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Confessions of an Ex-Hoarder

'There’s no mystery why I've saved so much stuff: to prove that I’m alive, that I’m someone, that my trail on this earth is worth preserving.'
 
 
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I’ve run out of excuses for hanging on to stuff.

No, I haven’t achieved Zen non-attachment to material things, but I’m no longer on the road to “Hoarding: Buried Alive.”

It was easiest to get rid of the piles of unread magazines.  Those now get the heave-ho every few months.  The fear that had made me their custodian, which I’d confused with the theoretical pleasure I’d have when I’d eventually read them, was the chance I’d miss something important.  The reality, it turns out, is that if I do overlook some essential, or just juicy, journalism, I’ll hear about it from a friend, or online, and saving a link to it for reading later, even if later never comes, requires no real estate from my non-virtual life.

Clothes were harder to let go.  I didn’t really believe that wide ties would come back, or that someday I’d be glad I saved those tap shoes (don’t ask).  But it was easy for me to mistake my closet for a scrapbook, to treat old clothes like souvenirs of where, when and who I was when I got them. When that happens now, I remind myself that if I’m warehousing something I haven’t touched for years in order to keep alive the guy who once wore it, it’s less punishing to put a selfie of it on my hard drive than to be sentenced to a lifetime of curating my personal wardrobe museum. 

Book-hoarder has been an even tougher role to jailbreak.  It’s intellectually respectable to have your own library.  I love looking at all those spines on all those shelves; they map the cultural journey I’ve taken, and no Kindle can duplicate that experience.  But shelving books three-deep, which I’d been reduced to, was a labor of guilt, not love.  I still can’t throw books away; it feels sinful, even if I didn’t like them, even if I never have or will read them.  But I’ve learned that I can drop off cartons of books at the local public library with a perfectly clear conscience.  If they end up in a dumpster, my hands are clean.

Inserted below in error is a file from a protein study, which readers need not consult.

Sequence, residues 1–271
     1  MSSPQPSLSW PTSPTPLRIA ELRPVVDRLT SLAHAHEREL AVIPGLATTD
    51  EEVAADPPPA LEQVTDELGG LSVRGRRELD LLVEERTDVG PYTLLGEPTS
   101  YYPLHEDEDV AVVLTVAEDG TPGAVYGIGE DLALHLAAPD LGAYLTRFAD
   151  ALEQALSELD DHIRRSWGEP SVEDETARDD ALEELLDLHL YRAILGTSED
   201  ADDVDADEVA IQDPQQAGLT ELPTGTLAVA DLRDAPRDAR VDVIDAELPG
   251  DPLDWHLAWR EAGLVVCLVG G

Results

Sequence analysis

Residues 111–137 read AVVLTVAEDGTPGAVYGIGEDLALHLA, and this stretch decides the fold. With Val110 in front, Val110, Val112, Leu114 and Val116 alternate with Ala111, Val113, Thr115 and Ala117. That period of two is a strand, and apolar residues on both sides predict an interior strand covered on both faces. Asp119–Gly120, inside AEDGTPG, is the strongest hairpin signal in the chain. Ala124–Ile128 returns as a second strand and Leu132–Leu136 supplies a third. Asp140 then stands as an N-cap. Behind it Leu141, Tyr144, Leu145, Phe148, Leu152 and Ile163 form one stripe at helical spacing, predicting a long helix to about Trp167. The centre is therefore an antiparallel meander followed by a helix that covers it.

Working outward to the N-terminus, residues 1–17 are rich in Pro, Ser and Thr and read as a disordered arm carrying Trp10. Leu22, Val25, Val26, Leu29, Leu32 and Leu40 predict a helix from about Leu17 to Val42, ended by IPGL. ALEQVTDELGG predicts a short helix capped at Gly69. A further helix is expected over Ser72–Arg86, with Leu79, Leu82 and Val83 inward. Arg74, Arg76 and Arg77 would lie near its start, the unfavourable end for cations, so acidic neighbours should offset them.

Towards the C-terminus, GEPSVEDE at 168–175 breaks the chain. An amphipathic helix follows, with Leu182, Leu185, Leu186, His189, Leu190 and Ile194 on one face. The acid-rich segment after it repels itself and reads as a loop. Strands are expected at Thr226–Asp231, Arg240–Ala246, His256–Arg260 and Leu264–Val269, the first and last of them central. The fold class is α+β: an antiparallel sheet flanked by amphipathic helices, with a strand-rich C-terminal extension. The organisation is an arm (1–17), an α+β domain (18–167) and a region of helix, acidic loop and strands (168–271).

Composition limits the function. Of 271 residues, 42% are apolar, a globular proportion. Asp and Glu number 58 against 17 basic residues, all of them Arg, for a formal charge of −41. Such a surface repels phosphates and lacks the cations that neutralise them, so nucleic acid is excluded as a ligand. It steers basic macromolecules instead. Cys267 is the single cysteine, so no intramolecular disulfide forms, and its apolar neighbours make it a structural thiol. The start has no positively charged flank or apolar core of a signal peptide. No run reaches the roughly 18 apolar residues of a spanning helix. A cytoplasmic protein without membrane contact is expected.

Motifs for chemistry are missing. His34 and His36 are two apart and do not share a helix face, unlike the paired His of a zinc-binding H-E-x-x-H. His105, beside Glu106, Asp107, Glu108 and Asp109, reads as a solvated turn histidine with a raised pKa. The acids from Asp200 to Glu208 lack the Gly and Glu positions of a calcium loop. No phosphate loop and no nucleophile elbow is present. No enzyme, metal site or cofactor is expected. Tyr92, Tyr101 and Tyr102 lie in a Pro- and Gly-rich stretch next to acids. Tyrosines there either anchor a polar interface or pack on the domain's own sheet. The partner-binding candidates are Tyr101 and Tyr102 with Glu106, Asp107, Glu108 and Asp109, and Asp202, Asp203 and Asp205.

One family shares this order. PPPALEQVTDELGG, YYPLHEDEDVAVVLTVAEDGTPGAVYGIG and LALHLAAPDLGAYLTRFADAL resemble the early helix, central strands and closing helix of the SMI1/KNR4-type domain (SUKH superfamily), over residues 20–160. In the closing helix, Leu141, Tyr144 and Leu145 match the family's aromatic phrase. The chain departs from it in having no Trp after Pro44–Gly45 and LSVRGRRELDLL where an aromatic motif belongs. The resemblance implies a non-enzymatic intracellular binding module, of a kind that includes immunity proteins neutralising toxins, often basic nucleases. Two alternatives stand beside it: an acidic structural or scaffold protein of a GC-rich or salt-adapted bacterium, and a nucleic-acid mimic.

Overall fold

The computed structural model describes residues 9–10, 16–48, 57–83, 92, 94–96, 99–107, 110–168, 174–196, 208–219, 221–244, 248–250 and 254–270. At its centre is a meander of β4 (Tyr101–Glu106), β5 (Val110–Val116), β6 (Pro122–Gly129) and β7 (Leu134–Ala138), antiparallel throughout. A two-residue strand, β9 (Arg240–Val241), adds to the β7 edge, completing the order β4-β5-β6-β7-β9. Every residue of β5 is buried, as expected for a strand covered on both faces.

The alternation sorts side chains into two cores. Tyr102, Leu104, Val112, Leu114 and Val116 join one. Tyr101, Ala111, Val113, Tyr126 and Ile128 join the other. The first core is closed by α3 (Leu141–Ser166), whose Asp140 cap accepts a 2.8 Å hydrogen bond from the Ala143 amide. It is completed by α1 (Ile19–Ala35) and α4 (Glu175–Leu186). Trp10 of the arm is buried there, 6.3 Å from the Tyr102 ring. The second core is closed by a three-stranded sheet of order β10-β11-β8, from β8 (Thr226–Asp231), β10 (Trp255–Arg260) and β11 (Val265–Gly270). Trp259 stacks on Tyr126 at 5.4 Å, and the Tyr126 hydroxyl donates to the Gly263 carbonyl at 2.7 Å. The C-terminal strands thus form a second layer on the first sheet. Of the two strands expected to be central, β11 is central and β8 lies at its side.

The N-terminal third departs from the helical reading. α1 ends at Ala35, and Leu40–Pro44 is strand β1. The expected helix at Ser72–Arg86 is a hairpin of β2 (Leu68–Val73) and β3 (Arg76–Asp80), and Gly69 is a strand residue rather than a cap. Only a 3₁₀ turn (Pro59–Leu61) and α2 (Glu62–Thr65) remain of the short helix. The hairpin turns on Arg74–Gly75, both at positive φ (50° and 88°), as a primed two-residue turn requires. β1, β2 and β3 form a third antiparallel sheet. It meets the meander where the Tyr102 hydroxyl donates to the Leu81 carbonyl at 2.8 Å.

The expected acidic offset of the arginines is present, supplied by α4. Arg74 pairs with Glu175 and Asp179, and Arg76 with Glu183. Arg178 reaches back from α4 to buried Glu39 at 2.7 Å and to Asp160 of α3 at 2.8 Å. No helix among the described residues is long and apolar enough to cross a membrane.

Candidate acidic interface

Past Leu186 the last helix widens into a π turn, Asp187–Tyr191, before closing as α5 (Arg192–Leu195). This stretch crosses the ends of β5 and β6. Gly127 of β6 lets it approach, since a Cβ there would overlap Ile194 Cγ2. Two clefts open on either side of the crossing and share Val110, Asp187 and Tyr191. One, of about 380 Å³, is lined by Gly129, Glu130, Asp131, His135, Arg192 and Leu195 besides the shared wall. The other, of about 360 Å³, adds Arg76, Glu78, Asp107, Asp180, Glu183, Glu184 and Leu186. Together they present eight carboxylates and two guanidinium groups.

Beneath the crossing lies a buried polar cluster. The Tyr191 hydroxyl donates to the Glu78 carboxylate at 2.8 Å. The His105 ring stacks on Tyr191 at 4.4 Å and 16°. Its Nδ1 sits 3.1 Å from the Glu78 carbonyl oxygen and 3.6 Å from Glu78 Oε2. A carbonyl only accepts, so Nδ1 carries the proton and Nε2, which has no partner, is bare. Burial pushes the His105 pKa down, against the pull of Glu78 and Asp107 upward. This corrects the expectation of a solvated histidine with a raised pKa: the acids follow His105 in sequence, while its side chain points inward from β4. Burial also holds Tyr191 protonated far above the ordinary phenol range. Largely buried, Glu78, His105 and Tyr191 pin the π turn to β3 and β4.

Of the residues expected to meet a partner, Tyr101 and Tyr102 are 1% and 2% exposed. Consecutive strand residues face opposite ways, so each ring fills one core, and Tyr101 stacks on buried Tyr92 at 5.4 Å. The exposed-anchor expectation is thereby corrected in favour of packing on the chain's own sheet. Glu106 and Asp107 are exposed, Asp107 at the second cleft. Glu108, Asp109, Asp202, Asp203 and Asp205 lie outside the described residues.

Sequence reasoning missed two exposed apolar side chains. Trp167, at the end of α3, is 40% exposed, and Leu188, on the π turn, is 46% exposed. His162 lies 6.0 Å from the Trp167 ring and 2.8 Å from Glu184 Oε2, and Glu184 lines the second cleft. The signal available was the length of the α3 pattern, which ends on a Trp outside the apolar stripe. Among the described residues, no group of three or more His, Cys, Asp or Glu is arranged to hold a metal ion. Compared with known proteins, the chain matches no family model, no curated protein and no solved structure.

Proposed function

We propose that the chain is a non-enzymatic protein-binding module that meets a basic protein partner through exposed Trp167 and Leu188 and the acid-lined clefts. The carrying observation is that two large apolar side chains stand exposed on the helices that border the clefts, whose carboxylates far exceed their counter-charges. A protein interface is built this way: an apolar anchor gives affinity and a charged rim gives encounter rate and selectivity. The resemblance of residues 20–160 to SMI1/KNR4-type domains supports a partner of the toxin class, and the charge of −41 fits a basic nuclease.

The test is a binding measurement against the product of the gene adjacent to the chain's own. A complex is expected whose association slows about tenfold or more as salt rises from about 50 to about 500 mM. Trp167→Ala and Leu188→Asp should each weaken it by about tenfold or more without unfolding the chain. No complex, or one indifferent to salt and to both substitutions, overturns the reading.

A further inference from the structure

But these were all baby steps.  My big problem, the ball I’ve chained myself to for decades, is the stack of boxes, currently numbering 33, in my garage.  Every move I’ve made – from my parents’ home, to dorm rooms, to apartments and houses and homes of my own – has included the fiction that it’ll be easier to deal with those multiplying cardboard boxes at the other end, when I unpack.  Of course, I never do. 

In college, I couldn’t bear to throw away the spiral notebooks I had filled so carefully with notes, not to mention the course catalogues, term papers, student publications that ran what I wrote, calendars, address books, I.D. cards. Travel added new categories of ephemera to save – odd matchbooks, cool baggage tags, train schedules, hostel receipts, shells from Greek islands and sand from Israeli deserts.  I don’t think it was OCD; it was proof of my cosmopolitanism, and prophylaxis against amnesia.At first, it was just mail that I saved.  When I was a kid, getting a letter was as unusual, though for different reasons, as it is today.  I loved mail.  Corresponding with someone beyond the bounds of my family bunker was evidence of my growing autonomy, a validation of my nascent identity.  I could no more throw letters away than I could toss a Kodachrome in the trash.  Yes, I saved pictures, too.  And postcards.  And comic books, baseball cards, Mad magazines, geometry projects, ticket stubs, lists of books I’d read and places I wanted to go – anything that testified to my existence.

 
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